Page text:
(Bloomberg) -- The US Medicare agency will seek about $4.7 billion over 10 years in clawback payments from private insurers that manage its programs under a long-awaited rule finalized Monday, a blow to the industry that sets up a likely court fight.
The rule, which governs audits of Medicare Advantage insurers by the Centers for Medicare and Medicaid Services, is tougher than the industry had lobbied for. It finalized a 2018 proposal for auditing the private plans that administer programs for the agency, a move intended to recover excessive payments based on exaggerated claims of patient illness.
“Today we are taking some long overdue steps to move us in a direction of accountability,” Health and Human Services Secretary Xavier Becerra said on a call with reporters.
Private Medicare health plans are a growing source of profit for insurers like Humana Inc., UnitedHealth Group Inc. and CVS Health Corp. Managed-care companies fiercely opposed the 2018 proposal, and the final version contains few concessions to industry. If it survives court challenges, the policy could increase the amount Medicare insurers will eventually have to repay the government over what officials say isn’t backed up by patients’ medical records.
Industry groups criticized the policy, with the leading insurers’ lobby calling it “unlawful.” But the impact may be more favorable than some investors feared, according to a note from JPMorgan Securities analysts led by Lisa Gill. The government won’t aggressively go after audit recoveries from years before 2018, and most payments won’t be collected until 2025, giving the industry time to prepare.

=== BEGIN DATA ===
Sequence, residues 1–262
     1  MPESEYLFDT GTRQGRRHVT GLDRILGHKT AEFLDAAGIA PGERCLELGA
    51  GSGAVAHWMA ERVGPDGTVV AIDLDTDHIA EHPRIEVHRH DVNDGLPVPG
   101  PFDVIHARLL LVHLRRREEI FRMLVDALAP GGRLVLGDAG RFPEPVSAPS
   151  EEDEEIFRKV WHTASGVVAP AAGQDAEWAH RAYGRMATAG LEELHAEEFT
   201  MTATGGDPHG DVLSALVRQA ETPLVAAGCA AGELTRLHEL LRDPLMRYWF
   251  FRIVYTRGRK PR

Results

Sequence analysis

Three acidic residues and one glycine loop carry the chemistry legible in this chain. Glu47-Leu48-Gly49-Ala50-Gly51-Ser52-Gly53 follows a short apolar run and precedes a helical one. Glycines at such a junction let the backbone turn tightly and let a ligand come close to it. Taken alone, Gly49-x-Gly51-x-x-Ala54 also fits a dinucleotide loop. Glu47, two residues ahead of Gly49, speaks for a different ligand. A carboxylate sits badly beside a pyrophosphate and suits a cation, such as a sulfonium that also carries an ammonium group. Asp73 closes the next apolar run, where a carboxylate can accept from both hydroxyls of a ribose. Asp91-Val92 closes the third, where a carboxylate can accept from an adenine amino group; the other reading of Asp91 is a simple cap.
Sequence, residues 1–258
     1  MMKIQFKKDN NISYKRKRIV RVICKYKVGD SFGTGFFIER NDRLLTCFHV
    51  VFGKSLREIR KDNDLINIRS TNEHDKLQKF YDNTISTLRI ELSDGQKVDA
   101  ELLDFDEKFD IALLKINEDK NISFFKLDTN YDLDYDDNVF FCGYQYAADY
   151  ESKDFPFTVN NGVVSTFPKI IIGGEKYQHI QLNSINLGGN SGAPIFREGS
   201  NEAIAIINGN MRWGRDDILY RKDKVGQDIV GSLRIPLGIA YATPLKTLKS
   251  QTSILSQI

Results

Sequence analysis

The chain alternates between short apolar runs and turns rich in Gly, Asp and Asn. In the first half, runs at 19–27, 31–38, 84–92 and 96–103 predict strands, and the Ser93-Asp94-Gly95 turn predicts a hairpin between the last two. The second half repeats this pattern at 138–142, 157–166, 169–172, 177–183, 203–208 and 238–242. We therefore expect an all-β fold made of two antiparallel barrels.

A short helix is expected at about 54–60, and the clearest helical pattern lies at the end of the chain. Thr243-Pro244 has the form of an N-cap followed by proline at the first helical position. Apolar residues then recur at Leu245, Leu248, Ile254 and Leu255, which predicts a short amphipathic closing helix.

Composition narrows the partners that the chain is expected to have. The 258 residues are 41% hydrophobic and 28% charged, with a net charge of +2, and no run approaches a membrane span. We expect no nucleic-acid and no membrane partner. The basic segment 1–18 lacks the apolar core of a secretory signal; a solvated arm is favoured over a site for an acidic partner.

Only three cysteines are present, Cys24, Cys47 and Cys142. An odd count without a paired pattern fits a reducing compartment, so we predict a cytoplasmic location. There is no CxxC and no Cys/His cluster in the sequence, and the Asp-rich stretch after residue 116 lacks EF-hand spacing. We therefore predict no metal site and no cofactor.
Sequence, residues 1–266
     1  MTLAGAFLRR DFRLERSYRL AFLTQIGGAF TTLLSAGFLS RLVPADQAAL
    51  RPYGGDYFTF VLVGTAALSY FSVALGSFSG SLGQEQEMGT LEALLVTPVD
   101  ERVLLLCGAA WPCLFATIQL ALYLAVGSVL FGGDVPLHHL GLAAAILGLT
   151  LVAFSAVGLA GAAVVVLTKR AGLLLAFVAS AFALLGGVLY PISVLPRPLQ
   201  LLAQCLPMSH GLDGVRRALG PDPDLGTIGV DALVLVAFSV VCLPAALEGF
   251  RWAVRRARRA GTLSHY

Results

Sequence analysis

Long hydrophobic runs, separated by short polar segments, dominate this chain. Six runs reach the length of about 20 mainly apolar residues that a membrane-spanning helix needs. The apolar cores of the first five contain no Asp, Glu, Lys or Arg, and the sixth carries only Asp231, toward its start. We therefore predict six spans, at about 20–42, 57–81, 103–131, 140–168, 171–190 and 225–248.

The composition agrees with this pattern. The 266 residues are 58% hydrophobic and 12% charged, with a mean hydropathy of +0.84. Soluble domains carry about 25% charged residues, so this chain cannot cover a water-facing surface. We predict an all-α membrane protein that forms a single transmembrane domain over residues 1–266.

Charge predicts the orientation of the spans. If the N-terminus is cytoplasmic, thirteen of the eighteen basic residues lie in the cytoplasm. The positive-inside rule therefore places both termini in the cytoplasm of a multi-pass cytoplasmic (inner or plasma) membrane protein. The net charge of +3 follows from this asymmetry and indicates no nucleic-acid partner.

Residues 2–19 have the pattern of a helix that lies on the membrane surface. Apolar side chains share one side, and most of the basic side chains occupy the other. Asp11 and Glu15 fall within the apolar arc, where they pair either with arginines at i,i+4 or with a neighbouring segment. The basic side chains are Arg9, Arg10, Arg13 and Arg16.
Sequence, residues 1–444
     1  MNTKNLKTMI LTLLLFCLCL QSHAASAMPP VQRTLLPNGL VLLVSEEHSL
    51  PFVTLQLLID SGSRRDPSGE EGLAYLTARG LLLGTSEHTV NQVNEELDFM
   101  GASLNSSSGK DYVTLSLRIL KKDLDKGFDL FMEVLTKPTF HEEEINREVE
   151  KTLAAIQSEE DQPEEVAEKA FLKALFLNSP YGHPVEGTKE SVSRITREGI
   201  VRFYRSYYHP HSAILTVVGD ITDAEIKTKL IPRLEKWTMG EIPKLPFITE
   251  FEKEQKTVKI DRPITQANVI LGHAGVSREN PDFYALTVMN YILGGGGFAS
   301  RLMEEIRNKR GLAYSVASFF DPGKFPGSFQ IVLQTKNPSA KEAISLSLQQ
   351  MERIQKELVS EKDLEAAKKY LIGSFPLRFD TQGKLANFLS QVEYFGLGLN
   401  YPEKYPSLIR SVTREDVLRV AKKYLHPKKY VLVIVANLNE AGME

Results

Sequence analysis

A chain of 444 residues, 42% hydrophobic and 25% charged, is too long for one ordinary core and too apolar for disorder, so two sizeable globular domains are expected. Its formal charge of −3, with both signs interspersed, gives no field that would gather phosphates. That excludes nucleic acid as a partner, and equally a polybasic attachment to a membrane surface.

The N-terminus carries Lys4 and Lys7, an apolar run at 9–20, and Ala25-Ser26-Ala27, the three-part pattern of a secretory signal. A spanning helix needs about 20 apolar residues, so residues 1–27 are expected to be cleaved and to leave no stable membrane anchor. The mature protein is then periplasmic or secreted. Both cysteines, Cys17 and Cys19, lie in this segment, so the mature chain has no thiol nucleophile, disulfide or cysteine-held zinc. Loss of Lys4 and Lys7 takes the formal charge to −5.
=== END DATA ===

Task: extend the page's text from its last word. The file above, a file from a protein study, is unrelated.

After sinking on the initial news, insurers’ stocks rose sharply when markets opened Tuesday. Humana jumped as much as 5.8%, the biggest intraday gain since September, and UnitedHealth rose as much as 3.9%, the most since October, at 9:44 a.m. in New York. CVS gained 1.3%, Centene Corp. gained 3.1% and Elevance Health Inc. rose 3.8%.
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Insurers in Medicare Advantage get paid more for enrolling sicker patients, and the audits are meant to check those payments against medical records to ensure that they’re accurate.
CMS will limit the impact of its reviews on insurers’ payments for the earliest years under audit — from 2011 to 2017 — officials said Monday. The agency plans to look at certain insurer contracts for signs of diagnostic errors, and results from those audits won’t be extrapolated to broader populations during the earlier years. Starting from 2018, however, the audit results will be extrapolated, an approach the industry argued could lead to a flawed analysis.
The biggest setback for the industry is that the final rule doesn’t include a provision to make the audits more lenient when errors are found. Medicare insurers say the process needs to take into account equivalent diagnostic errors in the traditional Medicare program, but officials declined to add such an adjustment.
The industry has argued that such a policy is essential and has threatened to challenge the rule in court if it wasn’t included in the final version. The original version of the rule would have cost the industry $3 billion if it wasn’t modified, according to one independent research estimate.